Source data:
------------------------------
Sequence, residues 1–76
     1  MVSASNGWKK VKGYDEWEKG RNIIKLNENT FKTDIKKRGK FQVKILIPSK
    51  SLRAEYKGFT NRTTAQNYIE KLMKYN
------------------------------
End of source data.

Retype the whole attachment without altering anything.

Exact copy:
Sequence, residues 1–76
     1  MVSASNGWKK VKGYDEWEKG RNIIKLNENT FKTDIKKRGK FQVKILIPSK
    51  SLRAEYKGFT NRTTAQNYIE KLMKYN